Letters To The Editor

St. Vincent’s goes silent

To The Editor:

This morning, April 9, I saw my surgeon for the last time at St. Vincent’s. It was incomprehensible to me that this institution that had healed me countless times over the years was to be no more. Walking through the corridors, the usual cheeriness and dynamic energy of people who made it their life’s work to nurture and heal was now replaced with a moribund silence. The hospital itself was dying and as I walked down the familiar corridors for the last time, nobody gave me their usual smile. People were avoiding eye contact, small groups of doctors and interns were talking among themselves.

I began to get emotional and to cry the way I cried after losing a loved one. I cried for all the West Side residents and workers who would now have a far more difficult time having to travel crosstown seeking medical treatment in a strange and more crowded hospital, and possibly even die because of the longer travel time to get urgent lifesaving care; and I cried for the 3,500 professionals who would soon lose their livelihoods in this difficult economic time. 

Then my thoughts turned to the deadly silence of our mayor, who fought so vociferously to overturn term limits to get re-elected; who fought on and on for a useless football stadium in this same neighborhood that he was now turning a deaf ear to. I thought about the mayor’s strident efforts to build “luxury” housing all over the West Side and his determined efforts to beautify the city, but how not a peep was uttered by him on this life-and-death issue for his constituents.

I’m an artist who has lived and worked in the Village and Chelsea for many years. A few months ago, I was in the hospital recovering from surgery and my wife came to visit me. I had a room on the 12th floor facing south. Looking out the window she said, “Wow, this is a million-dollar view.” I suspect the mayor’s real estate buddies also have an eye on that million-dollar view because those are the only people he has stood up for and who will no doubt benefit from this tragic fiasco.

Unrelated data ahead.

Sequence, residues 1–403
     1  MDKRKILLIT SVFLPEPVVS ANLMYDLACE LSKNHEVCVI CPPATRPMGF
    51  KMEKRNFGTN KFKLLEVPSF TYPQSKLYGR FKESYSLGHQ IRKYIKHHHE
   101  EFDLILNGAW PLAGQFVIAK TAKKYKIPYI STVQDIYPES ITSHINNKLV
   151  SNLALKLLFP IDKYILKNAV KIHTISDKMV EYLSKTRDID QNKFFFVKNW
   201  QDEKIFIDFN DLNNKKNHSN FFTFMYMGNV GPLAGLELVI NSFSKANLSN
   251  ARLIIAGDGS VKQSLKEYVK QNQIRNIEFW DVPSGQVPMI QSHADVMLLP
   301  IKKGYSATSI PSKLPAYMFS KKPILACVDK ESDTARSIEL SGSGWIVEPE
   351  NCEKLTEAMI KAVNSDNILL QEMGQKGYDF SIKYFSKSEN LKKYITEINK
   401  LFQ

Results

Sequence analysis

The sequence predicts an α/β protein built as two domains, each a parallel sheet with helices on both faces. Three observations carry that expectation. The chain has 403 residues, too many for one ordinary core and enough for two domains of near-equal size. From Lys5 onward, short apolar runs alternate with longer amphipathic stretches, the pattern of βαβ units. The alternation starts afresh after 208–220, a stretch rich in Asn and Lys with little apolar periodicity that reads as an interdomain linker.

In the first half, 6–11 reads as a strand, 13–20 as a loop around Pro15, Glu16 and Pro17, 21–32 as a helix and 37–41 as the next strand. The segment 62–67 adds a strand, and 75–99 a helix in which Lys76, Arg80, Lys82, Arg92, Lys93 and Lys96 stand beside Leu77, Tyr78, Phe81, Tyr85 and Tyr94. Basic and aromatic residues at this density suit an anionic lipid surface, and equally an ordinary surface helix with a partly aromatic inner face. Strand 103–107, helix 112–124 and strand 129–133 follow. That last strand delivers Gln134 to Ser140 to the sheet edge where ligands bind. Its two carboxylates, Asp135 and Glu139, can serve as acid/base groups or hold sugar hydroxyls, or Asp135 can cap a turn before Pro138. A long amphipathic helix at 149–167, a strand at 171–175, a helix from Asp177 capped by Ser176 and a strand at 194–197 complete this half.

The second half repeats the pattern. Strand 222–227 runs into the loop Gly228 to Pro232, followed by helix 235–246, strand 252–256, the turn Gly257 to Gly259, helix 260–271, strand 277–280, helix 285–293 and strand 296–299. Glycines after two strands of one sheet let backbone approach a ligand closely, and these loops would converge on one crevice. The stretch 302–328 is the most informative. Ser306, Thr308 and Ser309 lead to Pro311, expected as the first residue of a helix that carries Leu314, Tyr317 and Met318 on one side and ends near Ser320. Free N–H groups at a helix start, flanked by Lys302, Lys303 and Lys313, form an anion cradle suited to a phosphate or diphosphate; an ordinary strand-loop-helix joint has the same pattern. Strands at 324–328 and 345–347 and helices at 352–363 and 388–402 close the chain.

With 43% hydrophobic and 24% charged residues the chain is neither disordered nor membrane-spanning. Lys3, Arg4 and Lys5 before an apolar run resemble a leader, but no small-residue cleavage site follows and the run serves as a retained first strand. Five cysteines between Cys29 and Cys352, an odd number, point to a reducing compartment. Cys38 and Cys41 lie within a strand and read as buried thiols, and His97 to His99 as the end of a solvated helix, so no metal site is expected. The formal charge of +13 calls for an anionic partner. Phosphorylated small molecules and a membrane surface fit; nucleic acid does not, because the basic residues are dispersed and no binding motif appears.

Yes, there were many factors that led up to this day, including our fractured medical system, the hospital’s mistakes, the Catholic Church’s problems, the hospital’s generosity in treating the indigent and poor, the downturn in the economy, the indifference of some politicians. The list goes on and on. However, the needs of our community will no longer be met with compassionate care but with an empty, deadly silence. After more than 160 years of continuous care and compassion, it is a shame to see this institution — its employees, doctors, nurses, patients and its function as a healing entity — disappear without any care or compassion. 

David Klass

Quick collapse leaves questions

To The Editor:

Re “With St. Vincent’s Hospital flatlined, future is as clinic” (news article, April 14):

The article about St. Vincent’s closure in the April 14 issue of The Villager notes, “since January, the hospital has been operating with a monthly loss of between $5 million to $10 million.” The implication is that this pattern of loss, which has produced catastrophic results, is relatively recent, having occurred for just a few months.